She found that only the size-based method improved the system significantly.
"Moving the larger objects with quick disassembly times first enables you to operate with a smaller staging area," said Stuart, who tested her method with models that simulate recycling operations. "We showed that using our scheduling policy could lower the required maximum staging volume by as much as half. If you are able to reduce the staging space from 30,000 square feet to 15,000 square feet, that represents a considerable savings in overhead."
With increased efficiency also would come greater capacity because the recycler would be able to process a greater number of products within the same space.
Stuart grouped products into families such as computer monitors and central processing units, television sets, office and kitchen electronics and she used the turnover rate of products in the staging space as a key measurement, or metric. To determine which objects to move first, she created a technique in which the average size of a product family is divided by the time it takes to begin processing that product.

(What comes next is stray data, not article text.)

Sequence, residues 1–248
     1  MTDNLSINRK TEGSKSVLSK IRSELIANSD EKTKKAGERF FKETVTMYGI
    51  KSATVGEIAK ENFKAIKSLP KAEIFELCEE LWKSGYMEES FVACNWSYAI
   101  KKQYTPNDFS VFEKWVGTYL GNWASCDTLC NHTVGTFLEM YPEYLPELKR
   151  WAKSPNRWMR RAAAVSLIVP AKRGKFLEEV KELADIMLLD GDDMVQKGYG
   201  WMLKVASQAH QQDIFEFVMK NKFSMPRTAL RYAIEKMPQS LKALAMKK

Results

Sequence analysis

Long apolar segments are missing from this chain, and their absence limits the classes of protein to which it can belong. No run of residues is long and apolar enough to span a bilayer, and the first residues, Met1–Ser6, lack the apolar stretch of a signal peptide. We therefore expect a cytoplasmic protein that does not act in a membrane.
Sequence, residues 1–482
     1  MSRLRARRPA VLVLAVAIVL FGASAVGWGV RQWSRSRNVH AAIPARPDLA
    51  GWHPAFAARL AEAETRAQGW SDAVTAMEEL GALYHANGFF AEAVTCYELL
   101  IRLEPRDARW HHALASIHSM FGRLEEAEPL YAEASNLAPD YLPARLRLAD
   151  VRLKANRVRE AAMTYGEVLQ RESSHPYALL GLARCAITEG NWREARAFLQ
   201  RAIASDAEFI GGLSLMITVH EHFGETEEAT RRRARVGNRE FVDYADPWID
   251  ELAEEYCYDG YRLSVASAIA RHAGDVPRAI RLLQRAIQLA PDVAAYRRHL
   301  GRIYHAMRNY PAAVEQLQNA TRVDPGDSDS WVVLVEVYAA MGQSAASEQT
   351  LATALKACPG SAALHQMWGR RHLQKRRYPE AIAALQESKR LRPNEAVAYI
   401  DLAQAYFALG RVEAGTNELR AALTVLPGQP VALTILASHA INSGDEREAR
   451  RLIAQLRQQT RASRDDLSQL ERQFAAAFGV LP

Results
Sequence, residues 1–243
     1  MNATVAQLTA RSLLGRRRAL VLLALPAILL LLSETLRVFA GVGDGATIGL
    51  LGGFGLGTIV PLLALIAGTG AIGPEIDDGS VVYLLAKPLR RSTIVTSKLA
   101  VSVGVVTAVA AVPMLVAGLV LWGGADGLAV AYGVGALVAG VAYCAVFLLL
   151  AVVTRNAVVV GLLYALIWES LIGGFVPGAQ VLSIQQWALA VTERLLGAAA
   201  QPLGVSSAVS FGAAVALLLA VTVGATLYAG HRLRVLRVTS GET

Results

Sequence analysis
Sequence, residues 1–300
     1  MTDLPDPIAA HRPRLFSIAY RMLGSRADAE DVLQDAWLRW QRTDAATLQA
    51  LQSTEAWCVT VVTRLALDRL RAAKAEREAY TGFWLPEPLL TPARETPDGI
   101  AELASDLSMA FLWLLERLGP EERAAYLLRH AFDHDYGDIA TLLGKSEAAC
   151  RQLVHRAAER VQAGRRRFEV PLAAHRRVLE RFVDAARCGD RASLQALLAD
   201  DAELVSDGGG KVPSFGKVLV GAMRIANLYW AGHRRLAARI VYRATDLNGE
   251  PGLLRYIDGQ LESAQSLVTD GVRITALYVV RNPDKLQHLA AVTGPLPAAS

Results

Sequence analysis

"If you have large products that don't take very long to start disassembling and you start with those first, you are going to free up that space faster," she said. "This is very easy to implement because you determine an average size for such a group and an average time, and then you update those averages perhaps once a year. You can then use the size-based estimates for a year to schedule products at the recycling center."
Improving plant efficiency could become an issue in the future, as state and federal policy-makers consider how to control waste from electronic products. Certain electronic components contain hazardous materials, including mercury, lead and cadmium, making it important to recycle discarded computers so they are not dumped in landfills. The number of personal computers, televisions and other consumer electronics expected to become obsolete this decade may approach 3 billion units, according to the International Association of Electronic Recyclers.